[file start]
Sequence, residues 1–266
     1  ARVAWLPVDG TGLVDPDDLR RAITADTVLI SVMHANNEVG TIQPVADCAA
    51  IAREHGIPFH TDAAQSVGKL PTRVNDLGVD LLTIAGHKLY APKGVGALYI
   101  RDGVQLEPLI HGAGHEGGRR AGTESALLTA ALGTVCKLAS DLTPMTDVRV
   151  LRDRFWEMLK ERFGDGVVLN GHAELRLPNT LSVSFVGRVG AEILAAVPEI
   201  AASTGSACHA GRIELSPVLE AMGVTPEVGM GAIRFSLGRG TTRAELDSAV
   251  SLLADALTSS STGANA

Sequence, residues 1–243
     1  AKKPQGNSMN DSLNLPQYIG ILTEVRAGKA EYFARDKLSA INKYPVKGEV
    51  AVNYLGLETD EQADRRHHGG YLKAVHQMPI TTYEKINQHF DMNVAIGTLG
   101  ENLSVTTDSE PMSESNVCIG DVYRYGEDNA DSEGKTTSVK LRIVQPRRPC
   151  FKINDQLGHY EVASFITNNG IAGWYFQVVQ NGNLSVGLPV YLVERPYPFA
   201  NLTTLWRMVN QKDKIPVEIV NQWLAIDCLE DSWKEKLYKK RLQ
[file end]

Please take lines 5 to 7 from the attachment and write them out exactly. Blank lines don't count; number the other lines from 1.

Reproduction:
   151  LRDRFWEMLK ERFGDGVVLN GHAELRLPNT LSVSFVGRVG AEILAAVPEI
   201  AASTGSACHA GRIELSPVLE AMGVTPEVGM GAIRFSLGRG TTRAELDSAV
   251  SLLADALTSS STGANA